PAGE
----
Publication - Strategy/plan

Coronavirus (COVID-19): review of physical distancing in Scotland - June 2021

Sets out the outcome of a review of physical distancing in public places, taking account of the science, and the current and projected state of the epidemic in Scotland in light of our vaccine roll-out and the ‘four harms’ of the virus.

Coronavirus (COVID-19): review of physical distancing in Scotland - June 2021


In responding to the pandemic, we have been guided by the principles outlined in our Framework for Decision Making.[3] In it, we set out the direct and indirect harms of the pandemic, which we consider in our "four harms" approach:

  • The virus causes direct and tragic harm to people's health;
  • The virus has a wider impact on our health and social care services, and our wider health and wellbeing;
  • The measures necessary to protect us from the virus can in turn cause harm to our broader way of living and society; and
  • Protective measures have a damaging effect on our prosperity.

Restrictions on individuals, organisations and businesses impact on the economy, society and on the exercise of fundamental rights. It is therefore necessary for decision-making and judgment on restrictions to take into account both the direct harm of the pandemic in terms of morbidity and mortality and the broader impact, or 'harm', caused by restrictions.

Scotland's Route Map[4], published in May 2020 and Scotland's Strategic Framework published in October 2020[5] (and subsequently updated in February 2021[6] and June 2021[7]) are rooted in this approach.

In order to reduce transmission of the virus, we have had to reduce opportunities for the virus to spread and protective measures, or non-pharmaceutical interventions (NPIs), are a critical tool in the management of the virus. Physical distancing has been an important component of this and throughout the pandemic, we have reinforced the importance of individuals, businesses and organisations continuing to follow the FACTS measures for a safer Scotland: face coverings; avoid crowds, clean hands, two metre physical distancing and self-isolation.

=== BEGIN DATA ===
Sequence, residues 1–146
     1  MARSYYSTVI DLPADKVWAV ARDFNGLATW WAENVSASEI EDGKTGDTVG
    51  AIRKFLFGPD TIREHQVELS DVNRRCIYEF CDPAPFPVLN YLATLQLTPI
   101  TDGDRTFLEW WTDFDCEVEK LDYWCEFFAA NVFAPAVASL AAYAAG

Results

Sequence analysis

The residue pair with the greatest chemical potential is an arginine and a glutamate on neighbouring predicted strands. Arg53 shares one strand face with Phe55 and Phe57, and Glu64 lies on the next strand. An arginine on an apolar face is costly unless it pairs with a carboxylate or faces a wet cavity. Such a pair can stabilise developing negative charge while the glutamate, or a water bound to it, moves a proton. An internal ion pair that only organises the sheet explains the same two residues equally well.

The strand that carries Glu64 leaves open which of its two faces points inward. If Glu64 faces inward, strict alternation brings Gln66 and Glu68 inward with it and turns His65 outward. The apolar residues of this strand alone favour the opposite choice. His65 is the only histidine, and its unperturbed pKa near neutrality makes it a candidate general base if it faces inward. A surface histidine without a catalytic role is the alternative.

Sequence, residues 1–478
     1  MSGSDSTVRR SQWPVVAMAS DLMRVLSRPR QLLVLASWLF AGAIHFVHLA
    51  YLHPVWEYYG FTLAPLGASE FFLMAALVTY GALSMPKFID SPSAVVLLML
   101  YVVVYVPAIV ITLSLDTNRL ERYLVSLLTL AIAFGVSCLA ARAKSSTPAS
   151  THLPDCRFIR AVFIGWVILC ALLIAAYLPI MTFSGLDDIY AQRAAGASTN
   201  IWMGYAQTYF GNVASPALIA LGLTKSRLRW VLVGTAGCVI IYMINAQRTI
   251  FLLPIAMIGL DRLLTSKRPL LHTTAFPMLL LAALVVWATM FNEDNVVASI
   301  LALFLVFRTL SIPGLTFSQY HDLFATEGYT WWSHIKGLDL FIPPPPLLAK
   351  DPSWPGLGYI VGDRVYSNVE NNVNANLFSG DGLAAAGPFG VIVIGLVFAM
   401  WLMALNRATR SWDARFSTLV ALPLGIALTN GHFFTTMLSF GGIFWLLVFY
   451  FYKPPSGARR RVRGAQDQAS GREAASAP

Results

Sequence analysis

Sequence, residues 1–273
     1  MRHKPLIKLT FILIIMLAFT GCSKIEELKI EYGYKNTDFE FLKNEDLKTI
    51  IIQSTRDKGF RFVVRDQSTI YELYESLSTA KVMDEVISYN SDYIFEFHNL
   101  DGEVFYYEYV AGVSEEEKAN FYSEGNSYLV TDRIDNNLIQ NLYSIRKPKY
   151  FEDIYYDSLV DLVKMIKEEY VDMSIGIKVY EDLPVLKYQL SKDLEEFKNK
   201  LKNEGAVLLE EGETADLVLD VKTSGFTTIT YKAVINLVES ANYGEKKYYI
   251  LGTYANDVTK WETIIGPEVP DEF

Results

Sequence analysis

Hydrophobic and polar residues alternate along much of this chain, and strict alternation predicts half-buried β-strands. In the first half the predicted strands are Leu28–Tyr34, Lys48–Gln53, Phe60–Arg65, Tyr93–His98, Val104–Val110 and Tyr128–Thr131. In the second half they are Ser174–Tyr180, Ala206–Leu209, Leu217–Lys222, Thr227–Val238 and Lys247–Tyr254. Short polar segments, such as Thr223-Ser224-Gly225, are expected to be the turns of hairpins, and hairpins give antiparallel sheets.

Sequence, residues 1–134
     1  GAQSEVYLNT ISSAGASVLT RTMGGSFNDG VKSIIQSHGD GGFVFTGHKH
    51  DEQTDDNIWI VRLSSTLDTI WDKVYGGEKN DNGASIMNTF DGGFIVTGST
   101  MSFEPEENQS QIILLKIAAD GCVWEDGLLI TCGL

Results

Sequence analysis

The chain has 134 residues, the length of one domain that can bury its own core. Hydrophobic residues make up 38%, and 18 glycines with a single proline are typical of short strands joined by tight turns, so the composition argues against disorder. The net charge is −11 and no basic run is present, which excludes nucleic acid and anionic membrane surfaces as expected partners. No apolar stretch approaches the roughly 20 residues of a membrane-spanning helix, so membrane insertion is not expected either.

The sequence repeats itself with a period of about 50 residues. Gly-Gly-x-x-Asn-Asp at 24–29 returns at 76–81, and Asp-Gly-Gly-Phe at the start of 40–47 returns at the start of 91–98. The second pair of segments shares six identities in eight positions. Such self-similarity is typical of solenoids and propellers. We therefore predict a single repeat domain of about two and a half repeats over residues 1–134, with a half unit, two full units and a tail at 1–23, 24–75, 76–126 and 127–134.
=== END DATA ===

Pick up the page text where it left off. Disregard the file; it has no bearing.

Looking forward, we expect that the role of NPIs – including physical distancing – in managing the epidemic in Scotland will be significantly reduced as the protective effect of the vaccine both reduces the direct health harms of the virus and helps to reduce transmission. As a first step, the guidance on physical distancing was changed on 17 May so that it was no longer necessary to maintain physical distancing between family and friends in a private dwelling or private garden in areas in Level 2 or lower.

General requirements to ensure that distancing is maintained between those from different households in public premises remain at all Levels as part of the Health Protection (Coronavirus) (Restrictions and Requirements) (Local Levels) (Scotland) Regulations 2020. The general requirement is to ensure that a distance of two metres is maintained, though a distance of one metre applies in places such as hospitality settings where there are particular transmission mitigations in place. In outdoor public places such as parks, individuals are advised to maintain a distance of two metres from others outwith their household.

In reviewing these remaining requirements, we have taken particular account of the fact that the vaccination rollout has been highly successful to date – and as a result, we have seen relatively fewer cases ending in hospitalisation and Intensive Care Unit (ICU) admission.

However, the virus is still out there. The spread of the Delta variant in Scotland is both a real threat and a reminder that variants of concern may continue to emerge and threaten to undo the progress we have made so far. So it remains necessary to continue to move cautiously in our approach to easing physical distancing measures.

We are still learning more about the Delta variant. It is currently thought to be much more transmissible than the Alpha variant that was the previous dominant variant in Scotland.[8] R is now estimated to be 40–80% higher for delta than for Alpha.[9]

There also remains a degree of uncertainty regarding the impact of the Delta variant on severity of illness, treatment or reinfections. Analysis of vaccine effectiveness against symptomatic disease with the Delta variant suggests that, while vaccine effectiveness is lower in Delta cases compared to Alpha cases after one dose, any difference in vaccine effectiveness after two doses of vaccine is likely to be small.

It is within this context that we are setting out our review of physical distancing. We understand that different sectors or settings have faced significant challenges with physical distancing measures in place and that businesses and individuals are looking for clarity on what physical distancing will look like in the period ahead.

We know that almost all sectors are economically impacted by physical distancing. We regularly engage and consult with different businesses and sectors and many have cited concerns regarding the commercial viability of operating with two metre physical distancing in place. We are grateful to them for sticking with measures to keep their staff and customers safe whilst we make further progress with the vaccination roll-out and hope that the outcome of this review will assist them in planning for resuming operations at full capacity.